Public universities have no duty to protect students from other students’ criminal acts

In this case, a student attending a state university was stabbed by a fellow student during a chemistry laboratory. Prior to the stabbing, the assailant had received treatment for schizophrenia from the university’s mental health services, and had also exhibited violent tendencies. The victim of the stabbing filed suit against the university, alleging negligence. The university moved for summary judgment on the basis that it had no duty to protect the plaintiff. The trial court denied the motion, finding that the university did owe the plaintiff a duty based on her status as 1) a student, and 2) a “business invitee” on university property. The university filed a petition for writ of mandate. The Second Appellate District granted the petition, holding that a public university does not have a duty to protect its adult students from criminal acts committed by third parties. The court found that well-established precedent holds that there is no “special relationship” between a university and an adult student such that the university has a duty to protect the student from third-party criminal misconduct. The court further held that while students are generally considered “business invitees” when on university property, and property owners have a duty to protect their invitees from foreseeable harm by third parties, this duty to protect only applies to private landowners, not public entity landowners. As public entity landowners, state universities can only be held liable for injuries that arise from a “dangerous condition” on the property, i.e. a physical defect in the property. [Regents of the University of California v. Superior Court, (Cal. Ct. App. 2015) 14 C.D.O.S. 11047]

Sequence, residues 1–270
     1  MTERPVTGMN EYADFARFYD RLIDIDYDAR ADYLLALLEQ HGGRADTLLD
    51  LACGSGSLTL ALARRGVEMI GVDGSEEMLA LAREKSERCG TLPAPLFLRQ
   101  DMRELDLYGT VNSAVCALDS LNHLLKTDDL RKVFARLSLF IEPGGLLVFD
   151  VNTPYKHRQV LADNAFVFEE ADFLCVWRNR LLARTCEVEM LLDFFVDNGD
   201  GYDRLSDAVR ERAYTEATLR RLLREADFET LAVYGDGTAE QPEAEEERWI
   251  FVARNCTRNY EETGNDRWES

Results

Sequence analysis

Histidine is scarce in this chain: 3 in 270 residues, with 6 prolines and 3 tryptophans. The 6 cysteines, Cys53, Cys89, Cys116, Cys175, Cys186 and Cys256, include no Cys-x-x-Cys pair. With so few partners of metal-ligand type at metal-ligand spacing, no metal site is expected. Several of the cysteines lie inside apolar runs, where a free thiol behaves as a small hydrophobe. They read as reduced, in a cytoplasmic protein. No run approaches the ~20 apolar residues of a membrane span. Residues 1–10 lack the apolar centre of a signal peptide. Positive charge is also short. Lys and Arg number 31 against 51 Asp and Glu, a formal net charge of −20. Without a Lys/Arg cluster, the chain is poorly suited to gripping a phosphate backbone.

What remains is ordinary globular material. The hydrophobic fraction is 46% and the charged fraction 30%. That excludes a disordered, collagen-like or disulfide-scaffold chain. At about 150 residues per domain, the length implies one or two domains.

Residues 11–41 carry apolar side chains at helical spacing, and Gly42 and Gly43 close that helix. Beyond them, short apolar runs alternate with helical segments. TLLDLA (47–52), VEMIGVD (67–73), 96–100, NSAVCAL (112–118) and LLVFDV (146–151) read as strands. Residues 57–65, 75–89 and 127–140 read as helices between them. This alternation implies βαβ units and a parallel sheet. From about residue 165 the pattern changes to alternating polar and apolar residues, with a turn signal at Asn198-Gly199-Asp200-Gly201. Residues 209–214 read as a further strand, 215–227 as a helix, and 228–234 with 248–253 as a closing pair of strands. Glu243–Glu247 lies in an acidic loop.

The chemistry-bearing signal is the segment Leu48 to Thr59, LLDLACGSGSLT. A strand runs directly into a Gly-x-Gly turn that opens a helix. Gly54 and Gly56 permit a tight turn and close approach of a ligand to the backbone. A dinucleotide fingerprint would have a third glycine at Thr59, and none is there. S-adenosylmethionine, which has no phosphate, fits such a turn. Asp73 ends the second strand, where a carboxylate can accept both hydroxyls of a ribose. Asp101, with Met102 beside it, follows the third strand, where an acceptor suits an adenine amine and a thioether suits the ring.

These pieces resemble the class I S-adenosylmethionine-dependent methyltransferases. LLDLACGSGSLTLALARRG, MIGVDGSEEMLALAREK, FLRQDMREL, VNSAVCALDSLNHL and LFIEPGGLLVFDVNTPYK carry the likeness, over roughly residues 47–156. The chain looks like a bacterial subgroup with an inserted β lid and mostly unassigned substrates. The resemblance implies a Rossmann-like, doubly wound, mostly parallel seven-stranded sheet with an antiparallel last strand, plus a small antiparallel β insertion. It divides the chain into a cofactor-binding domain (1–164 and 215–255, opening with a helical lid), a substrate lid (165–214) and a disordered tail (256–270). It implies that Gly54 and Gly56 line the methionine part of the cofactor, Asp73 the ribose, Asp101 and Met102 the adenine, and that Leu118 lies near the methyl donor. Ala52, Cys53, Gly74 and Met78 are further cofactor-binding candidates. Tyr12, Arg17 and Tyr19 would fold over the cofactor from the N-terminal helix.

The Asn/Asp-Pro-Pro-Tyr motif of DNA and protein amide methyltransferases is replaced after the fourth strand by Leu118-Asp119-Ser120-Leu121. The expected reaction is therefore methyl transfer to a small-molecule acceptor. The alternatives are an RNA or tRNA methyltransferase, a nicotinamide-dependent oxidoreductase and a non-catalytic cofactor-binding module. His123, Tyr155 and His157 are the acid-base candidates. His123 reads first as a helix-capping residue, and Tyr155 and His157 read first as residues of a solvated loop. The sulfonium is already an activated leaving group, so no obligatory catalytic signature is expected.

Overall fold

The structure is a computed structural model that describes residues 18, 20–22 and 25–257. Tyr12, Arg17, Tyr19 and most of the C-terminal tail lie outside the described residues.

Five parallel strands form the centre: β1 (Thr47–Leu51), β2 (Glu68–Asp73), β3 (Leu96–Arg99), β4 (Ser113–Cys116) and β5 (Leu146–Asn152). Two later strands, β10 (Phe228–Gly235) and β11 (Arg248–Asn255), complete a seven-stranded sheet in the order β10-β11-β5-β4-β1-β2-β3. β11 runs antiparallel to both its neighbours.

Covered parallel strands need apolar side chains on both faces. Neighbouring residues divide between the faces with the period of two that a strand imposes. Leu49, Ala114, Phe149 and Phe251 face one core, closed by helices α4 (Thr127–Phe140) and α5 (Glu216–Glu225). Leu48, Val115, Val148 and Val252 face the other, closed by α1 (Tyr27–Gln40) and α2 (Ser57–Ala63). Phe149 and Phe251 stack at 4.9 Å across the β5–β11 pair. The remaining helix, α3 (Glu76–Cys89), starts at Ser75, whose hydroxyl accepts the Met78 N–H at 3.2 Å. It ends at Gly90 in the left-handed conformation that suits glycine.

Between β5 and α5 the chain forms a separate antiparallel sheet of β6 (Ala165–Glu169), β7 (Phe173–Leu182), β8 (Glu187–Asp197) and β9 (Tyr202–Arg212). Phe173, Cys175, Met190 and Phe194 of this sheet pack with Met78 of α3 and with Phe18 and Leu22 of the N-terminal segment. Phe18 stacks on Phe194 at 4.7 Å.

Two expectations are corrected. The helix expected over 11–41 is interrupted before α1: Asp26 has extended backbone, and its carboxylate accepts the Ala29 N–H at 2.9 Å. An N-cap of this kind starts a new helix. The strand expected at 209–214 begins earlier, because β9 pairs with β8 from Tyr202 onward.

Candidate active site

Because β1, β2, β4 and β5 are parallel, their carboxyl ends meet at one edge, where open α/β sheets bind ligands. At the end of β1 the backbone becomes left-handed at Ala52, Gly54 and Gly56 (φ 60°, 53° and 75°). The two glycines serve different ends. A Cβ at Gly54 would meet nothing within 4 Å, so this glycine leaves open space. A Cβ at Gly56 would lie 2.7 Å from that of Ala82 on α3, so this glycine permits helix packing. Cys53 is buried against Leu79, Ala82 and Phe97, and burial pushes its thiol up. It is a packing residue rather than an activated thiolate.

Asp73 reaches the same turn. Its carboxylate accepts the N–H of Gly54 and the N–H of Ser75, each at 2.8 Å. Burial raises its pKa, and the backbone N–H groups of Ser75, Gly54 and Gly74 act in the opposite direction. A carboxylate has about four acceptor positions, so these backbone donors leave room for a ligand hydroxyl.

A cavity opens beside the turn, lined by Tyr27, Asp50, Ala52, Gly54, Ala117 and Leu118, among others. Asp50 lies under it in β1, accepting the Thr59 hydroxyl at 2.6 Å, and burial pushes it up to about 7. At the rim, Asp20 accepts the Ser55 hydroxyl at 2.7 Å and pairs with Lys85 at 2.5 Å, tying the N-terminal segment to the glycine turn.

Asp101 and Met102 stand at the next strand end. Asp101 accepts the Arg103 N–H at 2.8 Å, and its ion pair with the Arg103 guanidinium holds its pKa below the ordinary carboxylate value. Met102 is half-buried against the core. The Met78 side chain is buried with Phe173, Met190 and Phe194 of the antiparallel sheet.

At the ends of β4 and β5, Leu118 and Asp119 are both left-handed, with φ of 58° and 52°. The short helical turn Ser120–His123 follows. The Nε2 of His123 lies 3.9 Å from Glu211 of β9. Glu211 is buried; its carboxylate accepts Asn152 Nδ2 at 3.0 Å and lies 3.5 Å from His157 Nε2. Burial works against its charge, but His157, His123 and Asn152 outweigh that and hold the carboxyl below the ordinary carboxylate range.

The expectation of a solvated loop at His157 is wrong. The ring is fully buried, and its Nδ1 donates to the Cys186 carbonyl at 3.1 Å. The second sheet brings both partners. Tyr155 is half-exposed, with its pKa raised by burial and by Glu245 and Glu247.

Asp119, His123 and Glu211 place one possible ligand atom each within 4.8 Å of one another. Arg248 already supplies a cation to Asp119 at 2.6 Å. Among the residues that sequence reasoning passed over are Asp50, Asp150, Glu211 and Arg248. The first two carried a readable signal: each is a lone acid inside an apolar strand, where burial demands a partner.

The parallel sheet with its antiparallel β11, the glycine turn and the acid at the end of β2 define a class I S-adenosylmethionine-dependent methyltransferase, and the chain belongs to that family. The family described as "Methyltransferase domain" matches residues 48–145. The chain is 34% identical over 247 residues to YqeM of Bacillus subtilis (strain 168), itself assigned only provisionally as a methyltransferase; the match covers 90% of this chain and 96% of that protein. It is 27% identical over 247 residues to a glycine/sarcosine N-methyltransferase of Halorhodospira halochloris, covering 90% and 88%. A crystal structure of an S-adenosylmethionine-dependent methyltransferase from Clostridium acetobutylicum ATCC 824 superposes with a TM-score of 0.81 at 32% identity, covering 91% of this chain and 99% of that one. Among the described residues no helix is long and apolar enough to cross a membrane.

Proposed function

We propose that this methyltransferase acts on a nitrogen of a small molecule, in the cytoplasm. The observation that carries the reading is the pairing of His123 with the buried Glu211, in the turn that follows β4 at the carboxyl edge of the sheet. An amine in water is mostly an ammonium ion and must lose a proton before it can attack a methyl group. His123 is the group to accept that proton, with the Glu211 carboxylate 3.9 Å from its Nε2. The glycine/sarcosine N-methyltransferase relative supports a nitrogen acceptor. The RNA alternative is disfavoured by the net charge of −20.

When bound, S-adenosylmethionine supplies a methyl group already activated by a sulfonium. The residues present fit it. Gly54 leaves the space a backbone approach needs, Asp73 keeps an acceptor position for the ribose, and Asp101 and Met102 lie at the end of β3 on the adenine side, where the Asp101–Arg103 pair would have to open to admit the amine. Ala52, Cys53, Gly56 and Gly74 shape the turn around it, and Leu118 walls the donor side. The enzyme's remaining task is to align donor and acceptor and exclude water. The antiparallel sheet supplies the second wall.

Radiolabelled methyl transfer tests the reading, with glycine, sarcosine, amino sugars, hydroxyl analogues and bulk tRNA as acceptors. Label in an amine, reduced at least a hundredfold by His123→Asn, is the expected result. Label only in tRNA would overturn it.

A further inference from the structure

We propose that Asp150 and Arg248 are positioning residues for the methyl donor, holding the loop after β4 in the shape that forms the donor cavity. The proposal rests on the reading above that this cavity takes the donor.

Categories: Legal Developments